How Field Services Can Bring Real Growth To Your Customer Experience

Shelly Dutton

Businesses have spent almost a decade creating customer experiences (CX) that are more valuable than the features and pricing of the products they produce.  From customer service to product quality, brands across all segments are catering to customer sentiment with tremendous insight into how customers feel about them and their competitors.

According to a 2017 Gartner survey, more than two-thirds of companies are already focused on growing their business mostly on the basis of CX – and that percentage is projected to rise to 81% by next year. Yet, despite the rising expectations for CX initiatives, marketers are now facing an untenable fight for essential budget as they prove how CX investments improve customer relationships, business performance, and financial results.

Why is it so difficult to make a case for something that has tremendous opportunity to disrupt competitors and gain market share?

4 technologies that give field services an edge in the customer experience

Ultimately, the value of the customer experience boils down to demonstrating how newly acquired digital and human capabilities have a direct, immediate impact on the end-to-end customer journey – including post-purchase services in the field. More than traditional marketing tactics such as demand generation, marketing research, advertising, communication messaging, the customer experience is shaped by everything a brand – and the field services organization is no exception to this rule.

By applying technology with a purpose to keep down internal cost, increase process efficiency, and boost information accuracy, field services can give their brands’ customer service a competitive edge. Potential scenarios that work well in this arena include mobile access, smart analytics, self-services, and crowdsourcing.

1. Connected mobile access, online and offline

Bring an end to low productivity among field service technicians by giving them full access to the tools, information, and insight they need on any mobile device. Managers can acquire the visibility they need into their teams to address staffing levels and training needs proactively. Meanwhile, technicians gain the flexibility necessary to respond to service needs on the customer’s site without losing the context, knowledge, or tools to increase first-time-fix rates, speed, consistency, and efficiency of service execution.

2. Smart analytics and the Internet of Things

 Field services can move from reactive maintenance to predictive service by empowering technicians and managers with real-time insights into asset performance and conditions as well as department, team, and employee performance. The organization can predict maintenance needs, plan ahead, and prevent breakdowns and extra repair costs – all of which can lower downtime, increase uptime, and build customer trust and satisfaction.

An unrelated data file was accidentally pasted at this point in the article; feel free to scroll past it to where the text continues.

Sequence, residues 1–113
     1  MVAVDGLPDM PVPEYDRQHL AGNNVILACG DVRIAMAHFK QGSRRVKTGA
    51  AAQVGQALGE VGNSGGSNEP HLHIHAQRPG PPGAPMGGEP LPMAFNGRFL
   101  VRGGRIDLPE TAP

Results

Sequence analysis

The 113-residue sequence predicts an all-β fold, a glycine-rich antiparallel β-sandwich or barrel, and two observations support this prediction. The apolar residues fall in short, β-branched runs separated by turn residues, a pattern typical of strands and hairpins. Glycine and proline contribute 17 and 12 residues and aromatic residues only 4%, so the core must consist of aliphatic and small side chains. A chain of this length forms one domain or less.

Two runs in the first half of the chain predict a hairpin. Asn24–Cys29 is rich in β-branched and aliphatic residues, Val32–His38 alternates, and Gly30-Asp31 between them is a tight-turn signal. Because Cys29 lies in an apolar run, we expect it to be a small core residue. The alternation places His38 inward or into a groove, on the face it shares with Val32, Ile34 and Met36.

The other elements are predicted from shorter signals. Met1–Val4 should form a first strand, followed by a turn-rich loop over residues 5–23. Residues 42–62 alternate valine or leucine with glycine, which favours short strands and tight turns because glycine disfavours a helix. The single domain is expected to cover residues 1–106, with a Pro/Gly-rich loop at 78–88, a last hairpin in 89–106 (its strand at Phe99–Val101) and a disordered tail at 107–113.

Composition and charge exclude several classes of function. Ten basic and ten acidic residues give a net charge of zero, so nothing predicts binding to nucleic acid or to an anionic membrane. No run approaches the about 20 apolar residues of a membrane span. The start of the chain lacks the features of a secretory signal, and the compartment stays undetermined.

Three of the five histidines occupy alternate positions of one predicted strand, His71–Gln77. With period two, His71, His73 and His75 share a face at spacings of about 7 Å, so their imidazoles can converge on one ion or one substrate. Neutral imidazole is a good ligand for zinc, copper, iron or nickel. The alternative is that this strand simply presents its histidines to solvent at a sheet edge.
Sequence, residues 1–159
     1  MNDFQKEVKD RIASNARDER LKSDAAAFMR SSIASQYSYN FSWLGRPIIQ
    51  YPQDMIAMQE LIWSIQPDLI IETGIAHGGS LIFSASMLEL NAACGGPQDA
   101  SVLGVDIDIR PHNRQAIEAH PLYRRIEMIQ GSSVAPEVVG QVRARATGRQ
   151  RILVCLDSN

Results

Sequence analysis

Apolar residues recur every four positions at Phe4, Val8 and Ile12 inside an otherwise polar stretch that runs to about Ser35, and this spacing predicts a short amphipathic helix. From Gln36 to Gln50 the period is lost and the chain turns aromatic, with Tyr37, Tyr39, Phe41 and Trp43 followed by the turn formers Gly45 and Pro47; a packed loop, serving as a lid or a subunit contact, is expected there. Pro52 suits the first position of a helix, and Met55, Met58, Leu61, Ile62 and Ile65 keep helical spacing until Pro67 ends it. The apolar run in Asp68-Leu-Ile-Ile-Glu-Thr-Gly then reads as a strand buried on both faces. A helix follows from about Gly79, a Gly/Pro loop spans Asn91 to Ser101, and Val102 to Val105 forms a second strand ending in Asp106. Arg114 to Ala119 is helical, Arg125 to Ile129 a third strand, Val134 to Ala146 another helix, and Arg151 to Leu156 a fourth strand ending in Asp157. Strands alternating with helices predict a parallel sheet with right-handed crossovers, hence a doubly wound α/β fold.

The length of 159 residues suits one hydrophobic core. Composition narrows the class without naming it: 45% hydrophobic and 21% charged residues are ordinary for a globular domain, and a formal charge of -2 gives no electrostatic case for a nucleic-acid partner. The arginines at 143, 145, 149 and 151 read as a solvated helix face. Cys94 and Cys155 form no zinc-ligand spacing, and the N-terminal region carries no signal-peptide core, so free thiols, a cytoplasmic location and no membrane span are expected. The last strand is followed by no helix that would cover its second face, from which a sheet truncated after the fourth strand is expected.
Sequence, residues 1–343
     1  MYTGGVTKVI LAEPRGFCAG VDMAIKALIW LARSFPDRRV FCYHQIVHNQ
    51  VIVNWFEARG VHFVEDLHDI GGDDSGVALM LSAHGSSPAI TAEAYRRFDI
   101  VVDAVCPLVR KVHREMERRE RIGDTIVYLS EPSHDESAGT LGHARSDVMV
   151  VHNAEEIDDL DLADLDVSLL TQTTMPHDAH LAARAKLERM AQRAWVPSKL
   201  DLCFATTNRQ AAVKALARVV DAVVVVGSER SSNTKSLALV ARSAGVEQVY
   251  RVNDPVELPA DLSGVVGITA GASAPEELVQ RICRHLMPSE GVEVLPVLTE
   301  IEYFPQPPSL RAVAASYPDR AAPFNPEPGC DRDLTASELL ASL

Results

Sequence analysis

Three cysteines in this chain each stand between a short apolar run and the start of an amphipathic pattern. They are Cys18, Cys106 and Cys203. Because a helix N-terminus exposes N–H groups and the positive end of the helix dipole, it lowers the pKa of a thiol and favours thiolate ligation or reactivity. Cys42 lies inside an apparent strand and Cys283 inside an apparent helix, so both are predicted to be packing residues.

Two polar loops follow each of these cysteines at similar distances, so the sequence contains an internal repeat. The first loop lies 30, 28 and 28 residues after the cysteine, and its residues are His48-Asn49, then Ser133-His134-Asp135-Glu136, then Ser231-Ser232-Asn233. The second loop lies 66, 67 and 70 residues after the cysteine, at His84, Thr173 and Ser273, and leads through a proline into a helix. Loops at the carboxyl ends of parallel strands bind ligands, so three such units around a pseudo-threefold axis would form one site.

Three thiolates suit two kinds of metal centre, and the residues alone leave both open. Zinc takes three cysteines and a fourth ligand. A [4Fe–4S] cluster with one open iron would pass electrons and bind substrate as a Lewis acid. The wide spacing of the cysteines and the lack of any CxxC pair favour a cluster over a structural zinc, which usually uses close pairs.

3. Customer self-services

 Make common complaints from your customers – such as long wait times and lack of visibility into service requests – a thing of the past. By using the cloud to manage field services interactions, customers can access the information they want with ease, turn to remote assistance, or schedule a field service visit.

For example, customers can scan a QR code, a serial number, or any other unique identifier on a device and choose between a series of self-service options. From the moment a service request is submitted, customers can review on their mobile devices everything from troubleshooting tips, remote service options, technician scheduling, service tracking, and progress of service parts delivery.

4. Crowdsourcing of talent

Make the most of limited in-house resources to meet field service needs. Field service organizations can crowdsource a pool of skilled service technicians, including employees, subsidiaries, partners, and freelancers, to quickly find the right expert for the job.

With the addition of artificial intelligence tools, managers can automatically plan service requests in real time and send job notifications to a technician’s mobile device. This digital approach not only creates an on-demand service network that boosts service performance and meets customer expectations. More importantly, it capitalizes on skilled talent to grow the business by enabling the opportunity to accept more jobs, assist other service companies, and reach clients in more remote regions.

Field services: Different perspective, new opportunity for CX

Even in organizations that appear to be streamlined and advanced, field service can be a letdown when they run on broken, manual processes that deliver consistently wrong information and increases costs – leading to poor staffing coordination, long response times, delayed problem resolution, and low levels of customer satisfaction. Additionally, once a customer shares the experience online and goes viral, the brand can be severely damaged in ways the business will never fully understand and recover.

To deliver interactions that are more satisfying on the customer end, field services require a sharp focus – not innovative sales programs, bundled offerings, channel, and promotions. Schedules still need to be made, contracts still need to be drawn up, and field technicians still need to be trained and dispatched according to skill level.

But most of all, front-office engagement and back-office processes need to be synchronized reliably and in real time to give every customer what they deserve: a service experience that makes their lives easier and more delightful.

For more on strategies to enhance the customer experience, see “Build Customer Empathy Into Your Business Model.”